William McKibben, a distinguished scholar at Middlebury College, was president of the Crimson some years before me, and the few times I have met him he's been totally nice. I've bought and read and enjoyed some of his books. But his piece today in the Washington Post is disappointing. It sarcastically instructs readers not to ask about a link between the tornadoes and climate change, because, "you might have to ask other questions. Such as: Should President Obama really just have opened a huge swath of Wyoming to new coal mining? Should Secretary of State Hillary Clinton sign a permit this summer allowing a huge new pipeline to carry oil from the tar sands of Alberta?" and "If you got upset about any of this, you might forget how important it is not to disrupt the record profits of our fossil fuel companies."
It's always fun to see Mr. Obama and Mrs. Clinton being criticized from the left, and to see those on the left being straightforward about their goal that American businesses will earn smaller profits. But if Mr. McKibben has proof that the tornadoes were caused by the use of gasoline or by other human, fossil-fuel-related activity, he'd be more persuasive if he laid it out, rather than just making sarcastic cracks about those who don't agree with his assessment. After all, it's not just free market types like George Mason University economics professor Don Boudreaux of Cafe Hayek who reject the idea that "climate change" and the tornadoes are linked; the Agence France Presse, not exactly a headquarters of the right wing conspiracy, ran a piece picked up by Yahoo! News headlined "No link between tornadoes and climate change":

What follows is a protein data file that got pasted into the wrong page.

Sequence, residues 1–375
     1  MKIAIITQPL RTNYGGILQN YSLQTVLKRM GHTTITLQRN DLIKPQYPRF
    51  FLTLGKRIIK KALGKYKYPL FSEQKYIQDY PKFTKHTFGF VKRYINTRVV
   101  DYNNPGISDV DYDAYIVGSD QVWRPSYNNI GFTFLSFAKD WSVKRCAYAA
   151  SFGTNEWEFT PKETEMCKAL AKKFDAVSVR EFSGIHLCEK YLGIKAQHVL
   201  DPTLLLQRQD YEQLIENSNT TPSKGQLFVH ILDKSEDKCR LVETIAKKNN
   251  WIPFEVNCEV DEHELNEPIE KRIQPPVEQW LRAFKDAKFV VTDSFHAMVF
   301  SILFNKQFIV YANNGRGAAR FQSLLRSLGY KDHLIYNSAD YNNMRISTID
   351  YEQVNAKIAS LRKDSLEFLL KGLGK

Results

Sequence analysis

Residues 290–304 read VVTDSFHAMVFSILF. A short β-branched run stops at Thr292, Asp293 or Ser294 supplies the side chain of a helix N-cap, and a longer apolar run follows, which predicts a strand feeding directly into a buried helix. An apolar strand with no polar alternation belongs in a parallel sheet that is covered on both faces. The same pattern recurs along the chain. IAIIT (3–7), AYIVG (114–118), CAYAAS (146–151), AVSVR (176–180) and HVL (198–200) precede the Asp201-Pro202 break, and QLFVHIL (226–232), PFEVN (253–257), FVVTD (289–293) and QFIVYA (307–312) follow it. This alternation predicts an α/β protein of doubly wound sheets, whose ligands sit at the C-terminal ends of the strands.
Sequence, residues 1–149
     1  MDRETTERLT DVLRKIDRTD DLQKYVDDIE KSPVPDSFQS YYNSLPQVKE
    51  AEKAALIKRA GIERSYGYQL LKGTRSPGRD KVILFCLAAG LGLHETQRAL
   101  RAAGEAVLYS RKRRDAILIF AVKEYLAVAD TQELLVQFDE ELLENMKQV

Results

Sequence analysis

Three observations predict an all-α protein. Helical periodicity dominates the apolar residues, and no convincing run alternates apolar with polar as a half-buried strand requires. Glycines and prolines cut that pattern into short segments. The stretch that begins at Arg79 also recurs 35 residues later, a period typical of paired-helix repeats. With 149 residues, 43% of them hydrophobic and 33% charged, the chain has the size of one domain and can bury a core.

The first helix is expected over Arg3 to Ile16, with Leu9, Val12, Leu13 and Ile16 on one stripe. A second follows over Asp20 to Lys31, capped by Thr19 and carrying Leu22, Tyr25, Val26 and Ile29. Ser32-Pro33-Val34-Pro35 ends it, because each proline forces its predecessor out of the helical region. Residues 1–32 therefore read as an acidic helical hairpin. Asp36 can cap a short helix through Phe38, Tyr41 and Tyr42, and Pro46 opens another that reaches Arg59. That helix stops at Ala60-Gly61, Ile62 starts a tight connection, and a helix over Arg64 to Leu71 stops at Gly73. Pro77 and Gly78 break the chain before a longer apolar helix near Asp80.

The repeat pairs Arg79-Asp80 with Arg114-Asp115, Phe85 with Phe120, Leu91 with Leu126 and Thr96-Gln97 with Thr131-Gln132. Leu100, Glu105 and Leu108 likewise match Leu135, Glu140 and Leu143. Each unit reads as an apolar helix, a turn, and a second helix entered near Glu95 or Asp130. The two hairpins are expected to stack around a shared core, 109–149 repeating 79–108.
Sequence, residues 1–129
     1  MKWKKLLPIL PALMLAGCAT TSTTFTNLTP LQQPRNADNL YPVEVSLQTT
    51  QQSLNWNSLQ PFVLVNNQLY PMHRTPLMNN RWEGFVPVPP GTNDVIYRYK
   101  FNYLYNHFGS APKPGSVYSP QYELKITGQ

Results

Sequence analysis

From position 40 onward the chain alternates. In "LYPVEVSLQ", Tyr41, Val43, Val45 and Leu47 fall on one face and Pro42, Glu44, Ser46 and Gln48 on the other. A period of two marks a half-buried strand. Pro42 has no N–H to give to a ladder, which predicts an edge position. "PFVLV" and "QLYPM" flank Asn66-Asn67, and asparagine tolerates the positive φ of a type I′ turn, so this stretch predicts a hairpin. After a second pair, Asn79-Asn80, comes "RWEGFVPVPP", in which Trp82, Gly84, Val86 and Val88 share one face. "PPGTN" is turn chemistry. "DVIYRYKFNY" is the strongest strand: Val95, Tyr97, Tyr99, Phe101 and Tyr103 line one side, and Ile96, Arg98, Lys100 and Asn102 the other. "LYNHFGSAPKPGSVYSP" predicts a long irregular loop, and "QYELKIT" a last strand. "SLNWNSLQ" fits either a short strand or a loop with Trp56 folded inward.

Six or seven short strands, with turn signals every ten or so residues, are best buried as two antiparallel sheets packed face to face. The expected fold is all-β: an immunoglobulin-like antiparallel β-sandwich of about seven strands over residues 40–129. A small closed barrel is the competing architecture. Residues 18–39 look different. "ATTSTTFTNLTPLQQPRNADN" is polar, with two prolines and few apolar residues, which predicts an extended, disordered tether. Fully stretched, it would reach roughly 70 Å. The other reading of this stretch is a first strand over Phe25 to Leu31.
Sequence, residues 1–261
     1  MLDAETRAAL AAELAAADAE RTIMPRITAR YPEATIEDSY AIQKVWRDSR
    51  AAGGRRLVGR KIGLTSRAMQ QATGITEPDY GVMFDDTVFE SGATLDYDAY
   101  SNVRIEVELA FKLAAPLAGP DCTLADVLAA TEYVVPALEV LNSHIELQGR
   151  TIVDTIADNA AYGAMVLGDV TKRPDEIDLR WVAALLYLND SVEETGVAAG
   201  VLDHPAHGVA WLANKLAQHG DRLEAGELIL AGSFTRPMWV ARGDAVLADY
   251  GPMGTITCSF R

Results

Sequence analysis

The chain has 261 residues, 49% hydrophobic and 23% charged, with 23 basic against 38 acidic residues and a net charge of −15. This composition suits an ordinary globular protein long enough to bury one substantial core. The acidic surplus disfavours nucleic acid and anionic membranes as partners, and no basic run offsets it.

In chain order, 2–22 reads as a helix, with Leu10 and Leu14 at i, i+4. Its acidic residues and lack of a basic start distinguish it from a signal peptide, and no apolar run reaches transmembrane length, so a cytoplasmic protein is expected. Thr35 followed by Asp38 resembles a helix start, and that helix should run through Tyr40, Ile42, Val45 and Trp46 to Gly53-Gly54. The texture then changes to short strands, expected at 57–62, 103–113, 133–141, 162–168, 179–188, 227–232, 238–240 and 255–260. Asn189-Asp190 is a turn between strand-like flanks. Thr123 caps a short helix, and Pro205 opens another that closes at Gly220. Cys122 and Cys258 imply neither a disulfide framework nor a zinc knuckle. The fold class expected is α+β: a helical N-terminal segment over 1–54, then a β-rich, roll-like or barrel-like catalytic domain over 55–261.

top US weather experts said Monday there is no link between the violent twisters and climate change.
Instead, the reasons for the spiking death tolls are more likely due to the rise in the population density, the number of mobile homes and the chance paths taken by a series of tornadoes that have happened to target populated areas.
The article quotes Harold Brooks, research meteorologist at the National Oceanic and Atmospheric Administration's (NOAA) National Severe Storms Laboratory in Norman, Oklahoma.
While plenty of questions are being posed, none seem to point at climate change as a driver, and the La Nina phenomenon's effect is minimal, said Brooks.
When scientists examine the most complete records available and adjust for changes in how tornadoes were reported over time, "we see no correlation between global or US national temperature and tornado occurrence," Brooks said.
Nor are the storms themselves getting larger than they used to be...
The overall tornado record does not show a steadily increasing trend toward bigger, deadlier storms, he said.
For instance, "2009 was a really low year for tornadoes. Some recent years have been big, some recent years have been small," he said.